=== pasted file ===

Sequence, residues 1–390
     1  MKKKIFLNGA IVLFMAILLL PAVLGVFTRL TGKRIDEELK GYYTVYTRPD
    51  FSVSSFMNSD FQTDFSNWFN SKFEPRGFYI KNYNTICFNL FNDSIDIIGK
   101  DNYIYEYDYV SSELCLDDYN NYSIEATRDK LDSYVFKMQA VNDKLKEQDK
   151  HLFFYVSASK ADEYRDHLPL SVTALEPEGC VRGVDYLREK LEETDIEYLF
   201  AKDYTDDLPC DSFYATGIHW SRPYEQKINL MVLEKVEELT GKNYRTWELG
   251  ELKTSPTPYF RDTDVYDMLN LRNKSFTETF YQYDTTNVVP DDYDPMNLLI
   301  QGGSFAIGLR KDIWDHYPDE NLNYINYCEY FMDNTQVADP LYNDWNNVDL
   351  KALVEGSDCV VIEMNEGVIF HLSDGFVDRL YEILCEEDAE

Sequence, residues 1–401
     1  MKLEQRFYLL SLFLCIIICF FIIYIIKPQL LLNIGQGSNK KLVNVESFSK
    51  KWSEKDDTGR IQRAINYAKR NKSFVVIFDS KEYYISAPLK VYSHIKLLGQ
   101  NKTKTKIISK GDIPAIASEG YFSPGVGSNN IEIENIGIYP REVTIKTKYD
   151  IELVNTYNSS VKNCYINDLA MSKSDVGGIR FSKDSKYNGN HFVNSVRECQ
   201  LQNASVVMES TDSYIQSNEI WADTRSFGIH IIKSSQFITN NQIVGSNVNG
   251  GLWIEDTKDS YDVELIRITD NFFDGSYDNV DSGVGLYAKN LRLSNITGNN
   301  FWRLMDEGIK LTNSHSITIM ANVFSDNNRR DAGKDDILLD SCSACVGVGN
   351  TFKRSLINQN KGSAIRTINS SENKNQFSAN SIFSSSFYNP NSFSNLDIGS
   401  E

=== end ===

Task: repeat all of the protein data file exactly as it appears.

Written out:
Sequence, residues 1–390
     1  MKKKIFLNGA IVLFMAILLL PAVLGVFTRL TGKRIDEELK GYYTVYTRPD
    51  FSVSSFMNSD FQTDFSNWFN SKFEPRGFYI KNYNTICFNL FNDSIDIIGK
   101  DNYIYEYDYV SSELCLDDYN NYSIEATRDK LDSYVFKMQA VNDKLKEQDK
   151  HLFFYVSASK ADEYRDHLPL SVTALEPEGC VRGVDYLREK LEETDIEYLF
   201  AKDYTDDLPC DSFYATGIHW SRPYEQKINL MVLEKVEELT GKNYRTWELG
   251  ELKTSPTPYF RDTDVYDMLN LRNKSFTETF YQYDTTNVVP DDYDPMNLLI
   301  QGGSFAIGLR KDIWDHYPDE NLNYINYCEY FMDNTQVADP LYNDWNNVDL
   351  KALVEGSDCV VIEMNEGVIF HLSDGFVDRL YEILCEEDAE

Sequence, residues 1–401
     1  MKLEQRFYLL SLFLCIIICF FIIYIIKPQL LLNIGQGSNK KLVNVESFSK
    51  KWSEKDDTGR IQRAINYAKR NKSFVVIFDS KEYYISAPLK VYSHIKLLGQ
   101  NKTKTKIISK GDIPAIASEG YFSPGVGSNN IEIENIGIYP REVTIKTKYD
   151  IELVNTYNSS VKNCYINDLA MSKSDVGGIR FSKDSKYNGN HFVNSVRECQ
   201  LQNASVVMES TDSYIQSNEI WADTRSFGIH IIKSSQFITN NQIVGSNVNG
   251  GLWIEDTKDS YDVELIRITD NFFDGSYDNV DSGVGLYAKN LRLSNITGNN
   301  FWRLMDEGIK LTNSHSITIM ANVFSDNNRR DAGKDDILLD SCSACVGVGN
   351  TFKRSLINQN KGSAIRTINS SENKNQFSAN SIFSSSFYNP NSFSNLDIGS
   401  E